70 infringement notices issued by council

Waitaki district councillor Melanie Tavendale at Campbells Bay earlier this year. Photo: Hamish...
Waitaki district councillor Melanie Tavendale at Campbells Bay earlier this year. Photo: Hamish MacLean

More than 70 infringement notices have been issued to freedom campers in the Waitaki district since the district council’s new freedom camping bylaw came into effect on October 21.

Just 15 $200 fines had been paid to date,  out of the 73 notices issued under the Waitaki District Council’s Waitaki responsible freedom camping bylaw, the council’s regulatory services manager Lichelle Guyan said in an email. 

Twenty of the 73 infringement notices had been withdrawn. Some had been incorrectly issued and others were rescinded at the council’s discretion. Thirty-eight fines were yet to be paid.

Lichelle Guyan.
Lichelle Guyan.

Campers issued with infringement notices have 28 days to pay. The infringement notices were issued at coastal locations from Moeraki to Oamaru, Mrs Guyan said.

Freedom camping is prohibited in 79 named reserves across the Waitaki district.

Camper vans used for freedom camping must meet national standards for self-containment and can camp in the same spot for a maximum of three days over a four-week period.

Oamaru ward councillor Melanie Tavendale, who spearheaded the bylaw last year, said it was a "wee bit early" to gauge the law’s success. 

It was the district’s first effort to curb the effect of rising visitor numbers on coastal areas’ amenity values and the stress on ratepayer-funded infrastructure.

But, at Kakanui, where Cr Tavendale lives, there had been noticeable improvement.

"It’s certainly taken the pressure off the area, and we’re not seeing the same problems we were this time last year," she said.

Campbells Bay, Kakanui, was one of the hardest-hit areas in the Waitaki district last summer. The crowds of freedom campers created a situation some Kakanui residents described as "monstrous" when up to 200 people stayed at the seaside site on busy nights.

The toilet block at Campbells Bay had four maintenance callouts in January.

While the Kakanui Ratepayers and Improvement Society allows up to five self-contained vehicles to stay at any one time on roughly 2000sq m of land it manages at Campbells Bay, the council has prohibited camping on its land there.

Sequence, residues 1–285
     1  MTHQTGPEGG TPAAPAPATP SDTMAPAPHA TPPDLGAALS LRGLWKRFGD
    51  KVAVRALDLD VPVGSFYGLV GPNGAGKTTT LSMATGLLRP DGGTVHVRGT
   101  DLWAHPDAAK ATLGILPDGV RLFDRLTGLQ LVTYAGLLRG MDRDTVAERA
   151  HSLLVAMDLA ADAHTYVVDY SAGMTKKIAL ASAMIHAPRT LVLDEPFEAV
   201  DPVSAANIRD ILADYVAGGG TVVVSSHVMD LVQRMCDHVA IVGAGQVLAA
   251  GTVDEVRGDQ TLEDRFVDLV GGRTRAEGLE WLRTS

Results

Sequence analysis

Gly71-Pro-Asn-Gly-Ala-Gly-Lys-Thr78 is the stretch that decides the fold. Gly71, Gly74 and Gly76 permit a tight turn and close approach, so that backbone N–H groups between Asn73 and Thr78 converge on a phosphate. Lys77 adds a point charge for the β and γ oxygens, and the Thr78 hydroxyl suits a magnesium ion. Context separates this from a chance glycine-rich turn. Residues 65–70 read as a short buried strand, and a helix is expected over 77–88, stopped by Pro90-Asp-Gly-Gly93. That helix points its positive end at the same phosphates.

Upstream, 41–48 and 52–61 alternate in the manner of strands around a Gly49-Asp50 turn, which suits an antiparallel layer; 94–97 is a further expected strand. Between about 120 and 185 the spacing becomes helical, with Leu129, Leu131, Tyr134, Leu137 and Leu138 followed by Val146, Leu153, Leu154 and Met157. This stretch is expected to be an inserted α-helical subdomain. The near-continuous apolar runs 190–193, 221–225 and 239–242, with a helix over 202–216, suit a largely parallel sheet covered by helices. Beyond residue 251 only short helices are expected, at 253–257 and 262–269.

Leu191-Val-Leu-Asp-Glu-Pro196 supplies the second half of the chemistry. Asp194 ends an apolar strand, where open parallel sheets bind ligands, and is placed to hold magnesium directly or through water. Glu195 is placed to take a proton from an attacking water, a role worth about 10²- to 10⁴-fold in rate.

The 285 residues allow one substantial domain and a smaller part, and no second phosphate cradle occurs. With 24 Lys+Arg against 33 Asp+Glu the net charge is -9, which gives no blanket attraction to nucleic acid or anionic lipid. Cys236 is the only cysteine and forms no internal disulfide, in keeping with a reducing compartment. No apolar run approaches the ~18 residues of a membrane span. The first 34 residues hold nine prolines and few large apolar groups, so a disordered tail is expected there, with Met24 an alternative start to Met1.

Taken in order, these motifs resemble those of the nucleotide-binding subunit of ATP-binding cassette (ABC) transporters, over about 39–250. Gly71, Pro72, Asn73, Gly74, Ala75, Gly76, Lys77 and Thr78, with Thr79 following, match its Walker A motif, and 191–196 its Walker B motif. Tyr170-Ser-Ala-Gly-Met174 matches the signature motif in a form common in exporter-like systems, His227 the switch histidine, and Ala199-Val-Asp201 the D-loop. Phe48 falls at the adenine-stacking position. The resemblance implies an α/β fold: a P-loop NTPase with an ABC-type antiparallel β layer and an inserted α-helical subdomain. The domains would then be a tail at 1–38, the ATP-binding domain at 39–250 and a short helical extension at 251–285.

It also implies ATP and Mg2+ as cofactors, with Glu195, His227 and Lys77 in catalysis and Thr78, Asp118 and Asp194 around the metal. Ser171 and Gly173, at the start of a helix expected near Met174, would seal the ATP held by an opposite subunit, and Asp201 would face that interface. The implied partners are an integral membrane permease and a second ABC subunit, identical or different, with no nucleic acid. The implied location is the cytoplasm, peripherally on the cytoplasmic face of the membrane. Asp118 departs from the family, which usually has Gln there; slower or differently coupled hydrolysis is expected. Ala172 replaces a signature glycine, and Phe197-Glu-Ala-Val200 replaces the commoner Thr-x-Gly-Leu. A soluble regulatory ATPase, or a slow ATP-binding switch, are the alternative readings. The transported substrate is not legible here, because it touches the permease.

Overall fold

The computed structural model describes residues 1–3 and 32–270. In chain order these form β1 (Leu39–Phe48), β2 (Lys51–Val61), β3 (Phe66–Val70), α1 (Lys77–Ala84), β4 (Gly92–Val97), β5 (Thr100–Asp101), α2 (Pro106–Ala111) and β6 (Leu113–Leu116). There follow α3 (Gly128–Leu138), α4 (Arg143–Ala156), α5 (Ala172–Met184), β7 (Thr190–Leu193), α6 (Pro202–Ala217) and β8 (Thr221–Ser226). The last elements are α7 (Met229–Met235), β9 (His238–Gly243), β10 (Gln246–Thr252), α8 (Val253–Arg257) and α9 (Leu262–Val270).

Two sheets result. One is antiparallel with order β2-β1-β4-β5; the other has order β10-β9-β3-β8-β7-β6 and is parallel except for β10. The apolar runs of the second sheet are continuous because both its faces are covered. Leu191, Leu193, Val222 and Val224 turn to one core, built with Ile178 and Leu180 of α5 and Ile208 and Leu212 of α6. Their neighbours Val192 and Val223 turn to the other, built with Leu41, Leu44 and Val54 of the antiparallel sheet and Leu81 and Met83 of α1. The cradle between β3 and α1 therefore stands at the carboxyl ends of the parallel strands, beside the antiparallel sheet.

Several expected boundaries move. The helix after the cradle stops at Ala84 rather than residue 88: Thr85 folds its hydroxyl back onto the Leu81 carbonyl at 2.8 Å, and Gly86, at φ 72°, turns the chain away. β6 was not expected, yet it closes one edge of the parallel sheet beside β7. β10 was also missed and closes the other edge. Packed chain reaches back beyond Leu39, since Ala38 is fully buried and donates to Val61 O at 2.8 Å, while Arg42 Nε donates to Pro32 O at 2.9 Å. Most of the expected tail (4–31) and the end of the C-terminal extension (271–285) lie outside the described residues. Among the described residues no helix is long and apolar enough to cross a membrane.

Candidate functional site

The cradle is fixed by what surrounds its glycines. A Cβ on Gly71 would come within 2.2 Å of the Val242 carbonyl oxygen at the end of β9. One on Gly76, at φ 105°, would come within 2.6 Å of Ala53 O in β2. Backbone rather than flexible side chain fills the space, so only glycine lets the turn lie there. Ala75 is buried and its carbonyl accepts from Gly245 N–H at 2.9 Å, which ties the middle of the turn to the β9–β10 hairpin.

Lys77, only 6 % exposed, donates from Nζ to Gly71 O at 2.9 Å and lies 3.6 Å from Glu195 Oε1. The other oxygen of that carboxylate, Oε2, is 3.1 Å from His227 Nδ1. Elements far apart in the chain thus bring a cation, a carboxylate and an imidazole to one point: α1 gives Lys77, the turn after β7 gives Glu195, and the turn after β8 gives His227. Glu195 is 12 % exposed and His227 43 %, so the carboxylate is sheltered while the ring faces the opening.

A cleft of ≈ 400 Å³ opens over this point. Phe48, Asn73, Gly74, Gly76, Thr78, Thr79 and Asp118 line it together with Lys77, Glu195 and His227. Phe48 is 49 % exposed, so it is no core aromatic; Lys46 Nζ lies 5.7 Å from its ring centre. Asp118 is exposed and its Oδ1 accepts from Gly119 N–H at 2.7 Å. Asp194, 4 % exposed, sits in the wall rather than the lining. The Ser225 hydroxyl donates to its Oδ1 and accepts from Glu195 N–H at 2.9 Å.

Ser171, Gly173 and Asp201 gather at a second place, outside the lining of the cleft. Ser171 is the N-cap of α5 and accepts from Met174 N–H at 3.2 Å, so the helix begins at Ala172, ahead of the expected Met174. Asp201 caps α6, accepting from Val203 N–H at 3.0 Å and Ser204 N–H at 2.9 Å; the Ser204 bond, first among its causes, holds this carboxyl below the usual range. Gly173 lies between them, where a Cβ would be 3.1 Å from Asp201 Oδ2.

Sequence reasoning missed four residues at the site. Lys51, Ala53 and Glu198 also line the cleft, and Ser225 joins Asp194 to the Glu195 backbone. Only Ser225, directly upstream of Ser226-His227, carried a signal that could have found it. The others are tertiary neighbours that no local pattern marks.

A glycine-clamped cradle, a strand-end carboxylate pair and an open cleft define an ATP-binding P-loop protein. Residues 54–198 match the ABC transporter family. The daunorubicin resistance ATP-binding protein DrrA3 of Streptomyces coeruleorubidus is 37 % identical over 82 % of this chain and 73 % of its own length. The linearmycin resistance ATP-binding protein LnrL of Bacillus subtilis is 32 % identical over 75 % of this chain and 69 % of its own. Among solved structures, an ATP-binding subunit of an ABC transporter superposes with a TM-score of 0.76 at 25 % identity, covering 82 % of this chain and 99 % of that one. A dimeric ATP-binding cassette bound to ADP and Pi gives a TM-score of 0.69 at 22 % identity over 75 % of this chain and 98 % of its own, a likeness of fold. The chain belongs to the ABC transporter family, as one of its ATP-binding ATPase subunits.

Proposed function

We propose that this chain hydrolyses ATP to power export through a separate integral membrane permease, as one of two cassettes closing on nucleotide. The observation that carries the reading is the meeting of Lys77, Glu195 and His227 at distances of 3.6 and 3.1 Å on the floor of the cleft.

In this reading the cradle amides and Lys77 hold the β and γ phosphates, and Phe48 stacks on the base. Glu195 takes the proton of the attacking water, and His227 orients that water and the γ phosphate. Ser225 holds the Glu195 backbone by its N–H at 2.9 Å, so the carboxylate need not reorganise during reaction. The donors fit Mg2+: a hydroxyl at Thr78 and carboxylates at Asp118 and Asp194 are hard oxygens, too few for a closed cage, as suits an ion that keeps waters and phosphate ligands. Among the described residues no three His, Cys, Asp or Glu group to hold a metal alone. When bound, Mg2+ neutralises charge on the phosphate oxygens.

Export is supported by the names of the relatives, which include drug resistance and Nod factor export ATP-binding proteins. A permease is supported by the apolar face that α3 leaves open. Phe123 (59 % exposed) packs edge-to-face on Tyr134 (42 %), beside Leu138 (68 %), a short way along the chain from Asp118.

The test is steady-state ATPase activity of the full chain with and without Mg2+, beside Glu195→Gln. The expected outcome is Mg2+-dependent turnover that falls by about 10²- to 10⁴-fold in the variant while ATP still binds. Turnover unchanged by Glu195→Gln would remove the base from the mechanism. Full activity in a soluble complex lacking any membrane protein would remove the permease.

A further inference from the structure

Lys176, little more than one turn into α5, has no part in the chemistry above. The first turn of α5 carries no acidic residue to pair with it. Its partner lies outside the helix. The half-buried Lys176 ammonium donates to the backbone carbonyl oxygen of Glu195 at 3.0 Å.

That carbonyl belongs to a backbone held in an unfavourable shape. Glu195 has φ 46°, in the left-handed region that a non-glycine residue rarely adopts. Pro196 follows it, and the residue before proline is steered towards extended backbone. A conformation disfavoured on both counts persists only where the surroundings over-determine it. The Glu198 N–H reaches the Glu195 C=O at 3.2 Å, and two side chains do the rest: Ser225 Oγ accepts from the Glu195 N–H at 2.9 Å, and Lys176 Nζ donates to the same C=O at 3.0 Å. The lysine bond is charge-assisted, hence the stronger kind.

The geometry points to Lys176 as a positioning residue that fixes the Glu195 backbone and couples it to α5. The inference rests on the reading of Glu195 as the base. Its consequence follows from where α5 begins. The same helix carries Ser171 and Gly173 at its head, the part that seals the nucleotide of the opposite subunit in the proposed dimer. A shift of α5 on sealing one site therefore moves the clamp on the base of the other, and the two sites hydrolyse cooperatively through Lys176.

More than one infringement notice a day. I can personally testify to this aggressive approach as myself and my fellow travelers found a $200fine on our windscreen after only a few hour rest stop at All Day Bay. Our appeal was rejected with Waitaki Council's enforcement officer, Tristin Hope telling me "whether overnight or for a few hours" you will get fined. The message to tourists is clear, take your tourism dollars and spend them somewhere else.

A very effective strategy for turning tourists away. A $200 fine is sure to taint there attitude towards New Zealand. But I wonder what local businesses have to say as this is bound to hurt their bottom line.

As the owner of a self contained motor home and having just spent 2 months on the road I can tell you that we spend our dollars where we are welcome and make conscious decisions not to spend money where we are not. You should not underestimate the money that is spent by motor homers. There is a big difference between a self contained vehicle and one that has no containment facilities and it would be good to see a bit of nous applied to the discussion and decision making. Living in a tourist area I have every sympathy for the concerns about uncontrolled, non self contained vehicles. There are areas around the South Island e.g Buller District, who are doing a great job of being proactive by identifying areas for self contained vehicles, the number of vehicles that can park overnight and for how long. That makes it clear for everyone and seemed to work well with motor home owners appreciative of the welcoming attitude.

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